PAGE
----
Reading List (Update):  on Evil and Good

By | March 29, 2020

[March 29, 2020]  Thunder and rain grace the skies outside my home this morning.  As Spring advances and the Coronavirus pandemic spreads, there is yet little opportunity to speak openly with my friends and neighbors.  The poor weather today can symbolize the darkness of the hearts of people that is addressed by author Aleksandr I. Solzhenitsyn.  There is no denying that the pull of evil and good is with every person.  We all know this truth even if we deny it to ourselves.  While commander of a Soviet artillery battery during World War II, Solzhenitsyn was arrested and became a political prisoner until his release in 1956.  Serving during the war, he witnessed horrible war crimes against local German civilians by Soviet military members.  The atrocities were so grotesque that he wrote a friend, writing derogatory comments about the conduct of the war by Joseph Stalin.  And so begins Solzhenitsyn’s lengthy accounting of Soviet evil and how it permeated every fiber of the political and social system.

The Gulag Archipelago, Volumes I, II, and III, Aleksandr I. Solzhenitsyn, 1973

Written in three volumes between 1958 and 1968 by Russian writer and historian Aleksandr I. Solzhenitsyn, The Gulag Archipelago is one of the monumental works of the 20th Century.  Someone once wrote that it would be impossible to name a book that had a more significant effect on the political and moral consciousness of the late twentieth century.  The lengthy book is about the most horrific actions of Joseph Stalin and his Communist government, and it is also about the good that Solzhenitsyn saw while imprisoned.  And this, my good friends, is the core of his arguments against the Soviet death machine.  I cannot resist a quote that supports his thinking.

“If only there were evil people somewhere insidiously committing evil deeds, and it were necessary only to separate them from the rest of us and destroy them. But the line dividing good and evil cuts through the heart of every human being. And who is willing to destroy a piece of his own heart?  During the life of any heart, this line keeps changing place; sometimes, it is squeezed one way by exuberant evil, and sometimes it shifts to allow enough space for good to flourish.” – Aleksandr I. Solzhenitsyn, The Gulag Archipelago, Volume I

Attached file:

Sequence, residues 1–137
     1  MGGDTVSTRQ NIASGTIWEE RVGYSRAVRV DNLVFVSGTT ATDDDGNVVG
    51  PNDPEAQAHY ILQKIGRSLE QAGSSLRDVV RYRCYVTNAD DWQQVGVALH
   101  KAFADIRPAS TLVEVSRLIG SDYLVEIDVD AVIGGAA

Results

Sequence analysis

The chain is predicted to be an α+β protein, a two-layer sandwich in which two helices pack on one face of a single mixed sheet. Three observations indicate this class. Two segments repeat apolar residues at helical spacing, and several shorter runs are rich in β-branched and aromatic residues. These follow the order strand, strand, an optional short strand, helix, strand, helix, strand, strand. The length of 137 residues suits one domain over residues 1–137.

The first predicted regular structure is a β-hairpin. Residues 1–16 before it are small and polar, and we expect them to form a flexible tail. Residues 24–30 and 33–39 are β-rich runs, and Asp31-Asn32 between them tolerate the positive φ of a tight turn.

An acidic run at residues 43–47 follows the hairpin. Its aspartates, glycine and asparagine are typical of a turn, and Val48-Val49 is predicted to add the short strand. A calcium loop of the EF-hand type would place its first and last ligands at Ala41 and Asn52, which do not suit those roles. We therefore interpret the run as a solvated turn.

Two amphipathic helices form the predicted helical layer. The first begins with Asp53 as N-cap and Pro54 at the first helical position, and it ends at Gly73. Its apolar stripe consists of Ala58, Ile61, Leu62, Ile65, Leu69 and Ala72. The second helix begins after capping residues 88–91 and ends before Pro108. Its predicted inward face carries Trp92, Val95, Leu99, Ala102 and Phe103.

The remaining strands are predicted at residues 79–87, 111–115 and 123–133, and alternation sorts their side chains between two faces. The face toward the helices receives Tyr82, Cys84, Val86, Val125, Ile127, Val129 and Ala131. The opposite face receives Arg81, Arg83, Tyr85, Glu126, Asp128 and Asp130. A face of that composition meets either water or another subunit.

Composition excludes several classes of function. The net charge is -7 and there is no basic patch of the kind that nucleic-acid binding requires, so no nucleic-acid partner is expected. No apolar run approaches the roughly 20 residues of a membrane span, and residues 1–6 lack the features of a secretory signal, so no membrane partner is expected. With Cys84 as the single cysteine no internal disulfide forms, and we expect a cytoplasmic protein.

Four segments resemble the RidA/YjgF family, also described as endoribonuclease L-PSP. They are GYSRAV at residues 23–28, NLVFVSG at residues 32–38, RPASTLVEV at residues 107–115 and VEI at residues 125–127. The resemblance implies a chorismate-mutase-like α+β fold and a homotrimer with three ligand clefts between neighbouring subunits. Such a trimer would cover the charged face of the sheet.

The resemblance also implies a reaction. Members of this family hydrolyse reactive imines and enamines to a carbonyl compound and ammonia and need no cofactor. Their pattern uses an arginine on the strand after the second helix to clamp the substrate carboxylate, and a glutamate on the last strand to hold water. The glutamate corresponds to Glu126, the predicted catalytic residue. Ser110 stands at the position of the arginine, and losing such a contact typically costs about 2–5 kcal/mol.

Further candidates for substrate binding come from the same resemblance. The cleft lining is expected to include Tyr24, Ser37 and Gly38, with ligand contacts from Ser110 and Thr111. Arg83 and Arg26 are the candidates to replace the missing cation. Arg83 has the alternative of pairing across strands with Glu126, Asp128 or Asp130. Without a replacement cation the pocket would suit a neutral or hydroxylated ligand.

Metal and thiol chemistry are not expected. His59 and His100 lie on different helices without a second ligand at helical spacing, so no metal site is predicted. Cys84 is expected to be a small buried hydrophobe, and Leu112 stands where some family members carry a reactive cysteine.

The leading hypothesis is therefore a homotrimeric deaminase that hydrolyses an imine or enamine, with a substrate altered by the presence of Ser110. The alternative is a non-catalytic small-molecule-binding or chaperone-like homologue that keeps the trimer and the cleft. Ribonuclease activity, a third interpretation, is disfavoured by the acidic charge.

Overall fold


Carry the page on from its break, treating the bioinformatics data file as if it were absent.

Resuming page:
Thanks to Stalin’s Communist ideology, the twentieth century was fated to experience evildoing on a scale calculated in millions of deaths. This evil cannot be denied, nor passed over, nor suppressed.   These three volumes are an analysis of the very nature of humanity (and that scares me).  The Soviets made Hitler look like a piker by imprisoning and killing more than 14 million of their own people.  Solzhenitsyn does a terrific job of collecting numerous prisoner accounts and turning them into a very readable series of literature, despite the danger it brought him, and to those close to him.  Solzhenitsyn will always be a hero to humanity.  Through these writings, we have a window into the human soul and to witness our ability to twist and contort our morality to do the most heinous acts.  This book brutally destroys the evil of utopian systems and Communist ideology and it shows how good can grow in the cracks of evil.

A classic. This book is highly recommended.

To go to the full Professional Reading list, click on this direct link:

Side Note: Please remember and take a look at Tom Copeland’s reading blog.  His website, which I highly recommend, can be found here: